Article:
Consumers should buy products that try to minimize the carbon footprint. It only consists in buying locally produced groceries.
carpool: if a group of people carpool, they travel to work together in one car and divide the cost between them. E.g. Needless to say, carpooling and the use of public transport help to reduce pollution levels.
unbridled /ʌnˈbraɪdld/ not controlled and therefore extreme. E.g. We need to put a stop to this unbridled shopping spree that has taken hold of (control) society at large (as a whole; in general).
It is generally accepted that the situation has come to a head (if a situation comes to a head, you are forced to deal with it quickly because it suddenly becomes very bad)
Without a shadow of a doubt our survival is at stake (that can be won or lost, depending on the success of a particular action. Sp . en juego. E.g. We cannot afford to take risks when people's lives are at stake. The prize at stake is a place in the final).

Another idea for an article:
An English-language newspaper is inviting readers to contribute to a series of articles about clothing. You decide to write an article about wearing the right clothes for the right occasion. You can find useful vocabulary to talk about clothing here.

Monday, 5 March 2012

Objective Proficiency p 157. Problem Solution Essay Outline. Extra Writing

A problem-solution essay: tens of thousands of people are fleeing civil war and unrest to find new homes in Europe—sometimes with tragic consequences. The U.N. estimates that more people have been displaced than at any time since World War II. Write a problem-solution essay for your local newspaper about this social issue with a title related to the global refugee Crisis.  You will get more ideas on how to write a problem-solution essay below. You will find useful language for this topic here, here and here. You will find useful language for writing here, here , here , here  and here .
Here you have other ideas for a problem-solution essay:


  • Human rights
  • Child labour
  • Economic development 
  • Economic inequality: the gap between rich and poor
  • Intellectual Property
  • Capital punishment
  • Religious freedom
  • Environmental awareness
  • Illegal immigration
  • Civil liberties
  • Free trade
  • Freedom of speech
  • Gun control
  • Forced evictions: Global Crisis, Global Solutions
Problem Solution Essay Outline

I. Introduction
1. Get the reader’s attention by using a “hook”. (e.g. Imagine… or ask a rhetorical questions: How many people are killed with guns every year?)

2. State the problem. (thesis)

E.g. There is a (big, substantial, terrible, annoying) problem of _____________________ in (the world, our city, the United States, among teenagers, our schools) today.

Reference to research/ facts and figures:
E.g. The figures illustrate/ This illustrates one of today's most important issues: gun control.
This (fact) represents a growing problem.
 It will suffice to say that/ Suffice it to say that the latest research in this field shows that increased crime


suffice (it) to say (that)…: used to suggest that although you could say more, what you do say will be enough to explain what you mean. E.g. I won’t go into all the details. Suffice it to say that the whole event was a complete disaster.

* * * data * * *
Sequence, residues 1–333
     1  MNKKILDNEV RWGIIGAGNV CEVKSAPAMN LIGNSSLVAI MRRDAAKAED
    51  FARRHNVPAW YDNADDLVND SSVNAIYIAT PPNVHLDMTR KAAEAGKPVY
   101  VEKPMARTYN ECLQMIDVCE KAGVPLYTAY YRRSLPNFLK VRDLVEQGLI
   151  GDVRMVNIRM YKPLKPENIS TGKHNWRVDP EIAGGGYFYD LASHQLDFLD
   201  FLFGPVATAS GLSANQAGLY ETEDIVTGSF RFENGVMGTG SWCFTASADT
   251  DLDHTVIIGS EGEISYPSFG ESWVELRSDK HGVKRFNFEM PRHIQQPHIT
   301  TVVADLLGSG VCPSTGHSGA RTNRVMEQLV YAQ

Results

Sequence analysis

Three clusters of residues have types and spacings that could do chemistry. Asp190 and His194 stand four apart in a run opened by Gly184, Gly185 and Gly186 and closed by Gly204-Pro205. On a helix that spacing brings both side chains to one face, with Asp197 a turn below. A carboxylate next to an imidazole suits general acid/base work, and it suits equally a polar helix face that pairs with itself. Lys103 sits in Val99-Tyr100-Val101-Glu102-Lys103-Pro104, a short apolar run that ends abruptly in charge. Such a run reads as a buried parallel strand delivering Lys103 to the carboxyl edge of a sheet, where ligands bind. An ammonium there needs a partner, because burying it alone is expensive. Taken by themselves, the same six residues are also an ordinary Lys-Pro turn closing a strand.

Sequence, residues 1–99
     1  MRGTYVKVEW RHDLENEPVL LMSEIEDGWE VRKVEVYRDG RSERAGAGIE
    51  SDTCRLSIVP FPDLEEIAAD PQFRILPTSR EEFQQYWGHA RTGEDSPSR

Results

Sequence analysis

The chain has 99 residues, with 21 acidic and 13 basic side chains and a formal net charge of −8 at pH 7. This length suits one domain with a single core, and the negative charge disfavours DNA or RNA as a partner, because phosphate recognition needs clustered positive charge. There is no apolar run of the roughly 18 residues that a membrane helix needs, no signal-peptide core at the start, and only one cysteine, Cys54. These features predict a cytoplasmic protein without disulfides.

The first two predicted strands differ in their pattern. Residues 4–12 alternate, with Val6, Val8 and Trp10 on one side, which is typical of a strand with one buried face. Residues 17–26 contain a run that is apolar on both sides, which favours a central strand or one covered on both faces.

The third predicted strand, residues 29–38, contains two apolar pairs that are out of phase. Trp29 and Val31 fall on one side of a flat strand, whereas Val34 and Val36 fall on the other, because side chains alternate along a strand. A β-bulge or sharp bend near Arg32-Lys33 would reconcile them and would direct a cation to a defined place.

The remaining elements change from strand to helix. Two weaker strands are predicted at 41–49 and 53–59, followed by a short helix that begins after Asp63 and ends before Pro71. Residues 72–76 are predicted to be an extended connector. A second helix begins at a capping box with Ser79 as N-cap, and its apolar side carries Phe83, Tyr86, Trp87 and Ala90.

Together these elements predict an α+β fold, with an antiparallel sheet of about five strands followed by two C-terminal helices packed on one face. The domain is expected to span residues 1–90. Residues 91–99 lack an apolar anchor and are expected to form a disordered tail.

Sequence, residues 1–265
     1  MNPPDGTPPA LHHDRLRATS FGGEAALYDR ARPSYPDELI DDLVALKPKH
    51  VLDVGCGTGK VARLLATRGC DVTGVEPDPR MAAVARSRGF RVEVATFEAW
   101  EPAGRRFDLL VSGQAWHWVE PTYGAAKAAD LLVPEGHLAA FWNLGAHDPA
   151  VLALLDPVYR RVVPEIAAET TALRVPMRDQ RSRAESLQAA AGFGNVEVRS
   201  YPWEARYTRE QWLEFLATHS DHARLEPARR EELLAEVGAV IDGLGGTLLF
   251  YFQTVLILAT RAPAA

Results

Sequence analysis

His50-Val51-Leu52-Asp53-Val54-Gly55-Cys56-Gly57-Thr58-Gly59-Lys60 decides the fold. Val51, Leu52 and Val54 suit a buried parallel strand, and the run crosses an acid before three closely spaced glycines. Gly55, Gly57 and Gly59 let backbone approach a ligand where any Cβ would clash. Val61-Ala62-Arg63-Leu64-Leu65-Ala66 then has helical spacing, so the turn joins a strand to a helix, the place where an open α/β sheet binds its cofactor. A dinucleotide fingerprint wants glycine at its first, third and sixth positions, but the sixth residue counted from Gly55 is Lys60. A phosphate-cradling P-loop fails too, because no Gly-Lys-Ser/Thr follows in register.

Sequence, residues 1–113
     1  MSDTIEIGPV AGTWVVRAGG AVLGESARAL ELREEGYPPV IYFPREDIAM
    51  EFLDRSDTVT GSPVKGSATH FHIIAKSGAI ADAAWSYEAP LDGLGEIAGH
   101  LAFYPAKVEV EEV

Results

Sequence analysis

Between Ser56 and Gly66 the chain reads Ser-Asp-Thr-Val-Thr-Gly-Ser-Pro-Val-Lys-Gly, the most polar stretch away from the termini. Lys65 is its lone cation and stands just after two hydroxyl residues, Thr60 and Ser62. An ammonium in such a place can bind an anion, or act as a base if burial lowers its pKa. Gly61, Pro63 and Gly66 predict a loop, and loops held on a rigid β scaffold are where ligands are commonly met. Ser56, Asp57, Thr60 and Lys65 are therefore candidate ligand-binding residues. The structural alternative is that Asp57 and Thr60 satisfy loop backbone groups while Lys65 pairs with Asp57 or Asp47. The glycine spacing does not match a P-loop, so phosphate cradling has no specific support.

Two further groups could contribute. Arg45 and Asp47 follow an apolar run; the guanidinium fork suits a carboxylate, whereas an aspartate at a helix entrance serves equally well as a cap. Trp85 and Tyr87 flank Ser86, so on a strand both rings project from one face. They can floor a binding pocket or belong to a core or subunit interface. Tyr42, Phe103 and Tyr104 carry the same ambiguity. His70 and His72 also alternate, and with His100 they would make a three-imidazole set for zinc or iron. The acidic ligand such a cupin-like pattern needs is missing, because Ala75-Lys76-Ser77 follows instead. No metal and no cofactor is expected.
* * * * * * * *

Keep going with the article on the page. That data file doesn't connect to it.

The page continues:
Tell who is affected by (involved in) the problem.
Tell how those groups or people are affected.

Describe the causes of the problem
One of the causes of these figures/ this problem is...
This is largely due to...
Another reason is the...

Describe the consequences of the problem 
The country has an extremely violent past and this has resulted in an ingrained need to protect oneself...
This has led to...
This has brought about a change...
bring something about to make something happen.
One of the consequences of this is...



II. 1st Solution
1. State your first solution
E.g. To begin with…… OR One solution to this problem is…….
2. Explain how your solution will work & how it relates to the problem – use the 3e’s explain, expand, example
How can countries reduce the number of gun deaths? A complete ban on guns is barely imaginable in the US. However, there are a number of other options. These include developing better systems for introducing tougher prison sentences for people who own guns illegally.
The problem is that these solutions have already been proposed, passed into law and denounced as failures.
III. 2nd Solution
1. State your second solution
E.g. Another solution to the problem of __________________ is……. OR In addition ….
One possible solution that has not been tried yet is... This would mean that...
There are a number of (other) options. These include...
2. Explain how your solution will work & how it relates to the problem – use the 3e’s explain, expand, example

IV. 3rd Solution
1. State your third solution
E.g. Finally,…. OR Lastly….

2. Explain how your solution will work & how it relates to the problem – use the 3e’s explain, expand, example

V. Conclusion
1. Provides closure to your essay
E.g. As you can see there is a terrible problem of ___________________ in ____________________ today. OR It is clear….
In conclusion, the solution proposed here is one for the future.